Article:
Dec 5th, 2016 10:42 am | By

Well here’s a classic of normalizing language – in the Washington Post’s story on President Pussygrabber’s nomination of reactionary retired neurosurgeon Ben Carson to HUD chief:

President-elect Donald Trump nominated retired neurosurgeon Ben Carson to run the Department of Housing and Urban Development, an unconventional choice that underscores Trump’s willingness to forgo traditional policy expertise in some Cabinet positions to surround himself with allies.

Normalizing and grossly euphemistic, would be a more thorough description. Make that: a shockingly random choice that underscores Trump’s determination to appoint completely unqualified inexperienced people to Cabinet positions.

That determination, in turn, underscores Trump’s contempt for the very concepts of knowledge, relevant experience, expertise, competence, and the like.

That contempt, in turn, underscores Trump’s frightening anti-intellectualism and amateurism, which in turn underscore the logical underpinning of such a view: that only force and power count.

In other words Trump seems to think that there is no such thing as relevant knowledge and expertise, and thus that it’s all random, and thus that winning and losing are all there are.

In other words Trumpworld is wholly arbitrary apart from force and money. There is no such thing as argument, or careful thought, or analysis, or weighing opposing views. There is only fiat.

That’s what makes Trump a fascist. That’s fascismworld, and we now have to live in it.

They’re everywhere

Dec 4th, 2016 5:34 pm | By
They’re everywhere

Atheist groups tending more Breitbart all the time.


Fortunately, he’s always right

Dec 4th, 2016 5:08 pm | By

Another frightening portent – Trump’s national security advisor is a Jack D Ripper type.

Days after Islamist militants stormed the American diplomatic compound in Benghazi, Libya, in 2012, Lt. Gen. Michael T. Flynn reached a conclusion that stunned some of his subordinates at the Defense Intelligence Agency: Iran had a role in the attack, he told them.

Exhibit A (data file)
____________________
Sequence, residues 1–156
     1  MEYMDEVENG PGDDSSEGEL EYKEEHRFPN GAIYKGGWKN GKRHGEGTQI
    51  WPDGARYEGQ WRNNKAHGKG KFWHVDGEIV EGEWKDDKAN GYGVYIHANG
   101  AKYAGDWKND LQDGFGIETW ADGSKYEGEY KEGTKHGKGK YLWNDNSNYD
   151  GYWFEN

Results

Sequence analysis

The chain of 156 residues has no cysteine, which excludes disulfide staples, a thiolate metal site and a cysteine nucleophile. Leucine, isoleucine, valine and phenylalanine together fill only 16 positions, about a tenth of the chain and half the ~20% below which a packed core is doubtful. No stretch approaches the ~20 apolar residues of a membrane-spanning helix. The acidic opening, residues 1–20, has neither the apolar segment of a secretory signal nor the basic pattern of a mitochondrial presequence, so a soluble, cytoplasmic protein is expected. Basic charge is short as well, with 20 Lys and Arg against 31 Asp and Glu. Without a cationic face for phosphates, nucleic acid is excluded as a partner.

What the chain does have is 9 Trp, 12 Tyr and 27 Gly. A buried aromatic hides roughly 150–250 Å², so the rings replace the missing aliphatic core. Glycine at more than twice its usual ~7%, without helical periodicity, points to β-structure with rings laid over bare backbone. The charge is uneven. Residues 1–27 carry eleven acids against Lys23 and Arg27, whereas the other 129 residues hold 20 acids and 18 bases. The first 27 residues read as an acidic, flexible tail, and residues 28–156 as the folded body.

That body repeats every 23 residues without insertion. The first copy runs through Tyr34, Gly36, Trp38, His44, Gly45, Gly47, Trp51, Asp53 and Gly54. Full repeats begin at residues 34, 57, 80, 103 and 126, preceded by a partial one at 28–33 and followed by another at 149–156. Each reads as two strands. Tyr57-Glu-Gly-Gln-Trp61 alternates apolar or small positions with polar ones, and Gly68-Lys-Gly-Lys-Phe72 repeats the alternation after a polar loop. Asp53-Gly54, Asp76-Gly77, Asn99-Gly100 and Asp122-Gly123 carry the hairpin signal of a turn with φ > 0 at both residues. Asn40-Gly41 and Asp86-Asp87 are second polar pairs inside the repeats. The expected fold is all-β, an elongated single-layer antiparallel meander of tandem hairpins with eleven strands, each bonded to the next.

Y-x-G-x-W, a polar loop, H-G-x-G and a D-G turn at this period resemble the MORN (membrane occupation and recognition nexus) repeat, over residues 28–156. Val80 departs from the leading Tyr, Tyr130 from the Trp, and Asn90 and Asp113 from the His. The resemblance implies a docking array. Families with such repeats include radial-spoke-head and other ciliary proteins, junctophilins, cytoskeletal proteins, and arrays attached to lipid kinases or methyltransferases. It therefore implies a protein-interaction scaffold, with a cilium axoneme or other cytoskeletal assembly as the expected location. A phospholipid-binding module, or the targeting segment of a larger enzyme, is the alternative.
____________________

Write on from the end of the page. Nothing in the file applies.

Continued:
Now, he added, it was their job to prove it — and, by implication, to show that the White House was wrong about what had led to the attack.

Mr. Flynn, whom President-elect Donald J. Trump has chosen to be his national security adviser, soon took to pushing analysts to find Iran’s hidden hand in the disaster, according to current and former officials familiar with the episode. But like many other investigations into Benghazi, theirs found no evidence of any links, and the general’s stubborn insistence reminded some officials at the agency of how the Bush administration had once relentlessly sought to connect Saddam Hussein and Iraq to the Sept. 11, 2001, attacks.

He just decided Iran had a role, and it was his underlings’ job to find evidence – and when they couldn’t, that was because they were being disobedient.

Not what you want in a national security advisor.

Many of those who observed the general’s time at the agency described him as someone who alienated both superiors and subordinates with his sharp temperament, his refusal to brook dissent, and what his critics considered a conspiratorial worldview.

Those qualities could prove problematic for a national security adviser, especially one who will have to mediate the conflicting views of cabinet secretaries and agencies for a president with no experience in defense or foreign policy issues.